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The Limits of Christian Non-Violence 01: Non-redemptive destruction6 min read

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This post is part of a series.

I am taking a pretty fantastic course at Fuller Theological Seminary this quarter entitled IS502 – THE PRACTICE OF CHRISTIAN COMMUNITY.

Fuller is largely populated with what I would call center-left Evangelicals, and often, the profs and students have a predisposition towards Christian pacifism. Coming from the Evangelical right, which emphasizes Just War Theory, I have had to learn to appreciate the Biblical injunction to becoming active peacemakers, not just a Christian who can justify the use of lethal force if he needs to.

In online class discussion, I have argued for a pairing of pacifist passages with a balancing Biblical principle that, while seemingly paradoxical, supplies principled limits to the pacifist bias in the teachings of Jesus.

For instance, do we always ‘turn the other cheek,’ or is that contextual to, for instance, insults, but not mortal threat?

When asked for specific situations where a theology of non-violence, forgiveness, and self-abnegation do not apply, I gave these examples. Here’s the discussion.

>> JOHN: It may help to hear some specific examples that you are thinking of, because you obviously believe this very much. I have difficulty imagining persistent forgiveness and avoidance of trouble

Valid criticism. Let me see if I can concoct some examples, progressively more difficult, but also very real.

The Drug Addicted Child

Your high-school-aged son’s grades have dropped precipitously because of his use of marijuana, and what you suspect are harder drugs like Oxycontin or meth. You’ve noticed that some of your electronics and jewelry have disappeared, and you suspect that your son has sold it for drug money.

He’s been picked up for his third DUI, but because your theology is one of consistent forgiveness, you bail him out again, not wanting him to spend a night in the lockup. But you suspect he is getting the wrong idea – not just that you will always love him, but that he will not really suffer any more severe consequences of his actions because you will always be there to help him.

What theology or scriptures would you use to stop enabling him? Do you have a theology that allows you to NOT save him, hoping that he will not end up destroying himself if you fail to intervene? Do you ‘warn him in love’ but let the truth of his situation play out by not ‘rescuing him out of love’? How do you balance those two paradoxical approaches?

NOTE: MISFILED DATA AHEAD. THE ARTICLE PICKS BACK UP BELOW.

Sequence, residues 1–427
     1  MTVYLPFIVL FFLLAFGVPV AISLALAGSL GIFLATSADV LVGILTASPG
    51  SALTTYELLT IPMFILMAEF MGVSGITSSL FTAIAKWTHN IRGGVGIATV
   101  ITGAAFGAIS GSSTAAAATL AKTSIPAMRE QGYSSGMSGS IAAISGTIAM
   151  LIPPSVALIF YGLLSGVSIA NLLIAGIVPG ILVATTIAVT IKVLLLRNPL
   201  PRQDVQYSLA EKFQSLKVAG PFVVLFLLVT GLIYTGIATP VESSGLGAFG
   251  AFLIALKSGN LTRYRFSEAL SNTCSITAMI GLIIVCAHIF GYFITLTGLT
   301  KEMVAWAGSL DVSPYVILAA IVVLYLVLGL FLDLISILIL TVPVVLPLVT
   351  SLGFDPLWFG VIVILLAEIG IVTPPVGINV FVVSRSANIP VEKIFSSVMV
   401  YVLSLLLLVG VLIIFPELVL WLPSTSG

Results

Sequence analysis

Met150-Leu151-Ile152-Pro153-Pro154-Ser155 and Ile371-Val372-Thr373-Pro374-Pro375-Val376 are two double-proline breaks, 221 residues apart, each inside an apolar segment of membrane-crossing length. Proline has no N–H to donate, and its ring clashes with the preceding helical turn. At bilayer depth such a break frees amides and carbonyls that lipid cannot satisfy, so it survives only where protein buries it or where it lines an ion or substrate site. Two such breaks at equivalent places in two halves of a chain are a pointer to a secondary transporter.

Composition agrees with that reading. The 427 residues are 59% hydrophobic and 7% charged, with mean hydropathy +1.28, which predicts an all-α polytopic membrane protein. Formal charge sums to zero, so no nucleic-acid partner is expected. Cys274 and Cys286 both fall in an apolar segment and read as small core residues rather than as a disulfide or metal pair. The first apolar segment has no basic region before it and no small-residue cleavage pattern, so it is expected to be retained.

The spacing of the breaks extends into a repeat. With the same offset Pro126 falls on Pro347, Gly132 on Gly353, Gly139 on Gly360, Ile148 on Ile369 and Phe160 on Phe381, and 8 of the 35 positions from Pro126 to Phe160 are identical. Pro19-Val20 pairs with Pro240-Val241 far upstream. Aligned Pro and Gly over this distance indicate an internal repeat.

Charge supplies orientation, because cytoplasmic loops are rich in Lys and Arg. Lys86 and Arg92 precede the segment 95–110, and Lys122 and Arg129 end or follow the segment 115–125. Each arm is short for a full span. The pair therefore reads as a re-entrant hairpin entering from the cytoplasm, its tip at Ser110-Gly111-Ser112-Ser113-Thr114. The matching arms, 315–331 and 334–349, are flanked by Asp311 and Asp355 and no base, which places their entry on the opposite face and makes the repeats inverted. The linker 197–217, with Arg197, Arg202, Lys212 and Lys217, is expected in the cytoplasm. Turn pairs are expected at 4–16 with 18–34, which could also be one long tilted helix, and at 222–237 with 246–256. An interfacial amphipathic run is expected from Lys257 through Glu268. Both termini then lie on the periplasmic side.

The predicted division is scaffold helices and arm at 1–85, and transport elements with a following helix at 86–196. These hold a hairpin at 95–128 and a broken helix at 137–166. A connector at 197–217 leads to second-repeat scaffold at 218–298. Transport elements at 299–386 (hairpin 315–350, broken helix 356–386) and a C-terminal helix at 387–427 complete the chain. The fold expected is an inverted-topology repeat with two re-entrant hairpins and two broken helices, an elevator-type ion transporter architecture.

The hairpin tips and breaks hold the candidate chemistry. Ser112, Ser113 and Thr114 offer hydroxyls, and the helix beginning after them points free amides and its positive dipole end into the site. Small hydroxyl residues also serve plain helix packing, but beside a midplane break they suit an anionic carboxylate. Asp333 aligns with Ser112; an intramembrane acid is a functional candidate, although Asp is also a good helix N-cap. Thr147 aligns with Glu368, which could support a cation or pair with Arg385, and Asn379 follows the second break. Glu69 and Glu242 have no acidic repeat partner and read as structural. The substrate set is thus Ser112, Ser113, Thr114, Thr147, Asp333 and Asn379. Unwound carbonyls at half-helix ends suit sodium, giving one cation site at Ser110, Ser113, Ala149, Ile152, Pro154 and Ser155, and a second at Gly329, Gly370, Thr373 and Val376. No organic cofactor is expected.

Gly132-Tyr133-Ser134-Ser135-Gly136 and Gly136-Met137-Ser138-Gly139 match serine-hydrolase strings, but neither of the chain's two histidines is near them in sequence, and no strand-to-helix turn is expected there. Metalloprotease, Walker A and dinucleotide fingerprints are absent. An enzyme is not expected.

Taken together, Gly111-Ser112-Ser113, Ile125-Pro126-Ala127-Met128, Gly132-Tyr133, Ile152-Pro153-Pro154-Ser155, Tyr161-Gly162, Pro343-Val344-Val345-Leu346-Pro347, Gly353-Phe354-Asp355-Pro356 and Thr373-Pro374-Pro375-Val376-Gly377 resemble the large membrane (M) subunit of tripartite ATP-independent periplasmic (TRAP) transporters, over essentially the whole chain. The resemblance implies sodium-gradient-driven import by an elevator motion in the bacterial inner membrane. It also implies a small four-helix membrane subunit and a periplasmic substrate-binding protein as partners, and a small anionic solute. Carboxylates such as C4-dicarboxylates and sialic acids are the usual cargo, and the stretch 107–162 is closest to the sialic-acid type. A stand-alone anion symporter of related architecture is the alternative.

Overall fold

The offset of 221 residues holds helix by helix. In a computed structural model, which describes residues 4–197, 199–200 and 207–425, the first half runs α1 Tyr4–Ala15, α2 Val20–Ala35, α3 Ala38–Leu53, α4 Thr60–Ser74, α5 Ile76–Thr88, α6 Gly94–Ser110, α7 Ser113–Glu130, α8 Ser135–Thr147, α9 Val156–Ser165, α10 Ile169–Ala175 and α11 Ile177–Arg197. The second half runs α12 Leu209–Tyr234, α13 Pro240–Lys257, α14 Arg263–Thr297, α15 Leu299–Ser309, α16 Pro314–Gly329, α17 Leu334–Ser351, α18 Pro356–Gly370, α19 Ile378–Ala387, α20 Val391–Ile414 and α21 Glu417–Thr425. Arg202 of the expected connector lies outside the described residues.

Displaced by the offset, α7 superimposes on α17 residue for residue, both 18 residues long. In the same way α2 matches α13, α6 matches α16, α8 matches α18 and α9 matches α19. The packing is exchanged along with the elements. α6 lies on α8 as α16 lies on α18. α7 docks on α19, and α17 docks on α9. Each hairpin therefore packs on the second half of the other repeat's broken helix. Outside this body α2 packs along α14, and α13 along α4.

The Abused Wife

battered-womanShe feels it is her Christian duty to obey and respect her husband, and forgive him every time he beats her. In fact, she suspects that she must ‘turn the other cheek’ every time he actually slaps her. Unforutunately, her lack of negative feedback to her husband enables his continued abuse, and she feels trapped in an ethical system that does not allow her to take action to defend or help herself because that is selfish, and likens her situation to that in 1 Peter 2:18:

Slaves, in reverent fear of God submit yourselves to your masters, not only to those who are good and considerate, but also to those who are harsh.

What scriptural principles would you give her to help her situation?

The South Sudanese

You are lying in abject fear in the dead of night in your hut in South Sudan. Every time your children hear gunshots in town, they whimper, and you try to calm them. As a Christian, you know what is happening – Northern Arab Muslims have come into your town to kill Christians and non-Arab Muslims.

Suddenly, the front door of your one-room hut bursts open, and you are confronted with an Arab Muslim with a machine gun. You know that if they don’t just kill you outright, they are going to rape your wife and daughter in front of you, then kill all of you.

What does your theology tell you to do? What scriptures do you marshal?


Again, I am arguing for something like a 90/10 solution to these paradoxes – that we err on the side of peace and love, but we also allow for justice, forceful defense of the helpless, and good stewardship of the self in some situations where plain old martyrdom is not God’s only active principle.

In the cases above, not having such a balancing theology leads to what I would call a non-redemptive destruction. Sure, to some extent, martyrdom is always recompensed by God, and we ought to be “as wise as serpents and harmless as doves,” but as officers of government (be it civil, family, or even ecclesiastical), we do not ‘bear the sword in vain.’

I do not think that sword is merely a metaphor for power, but for lethal force if necessary, as given in the OT civil penalties that include capital punishment.

Interestingly, and contrary to my position, Muslims reject some of Jesus’ teaching because he seems too submissive and impractical in his teachings such as ‘turn the other cheek,’ and to some extent, I agree, not that Jesus was wrong, but that by taking his clear pacifist pattern out of the context of the OT and the Apostles’ teaching, we do come out with an unbalanced theology that is ‘so heavenly minded that it’s no earthly good.’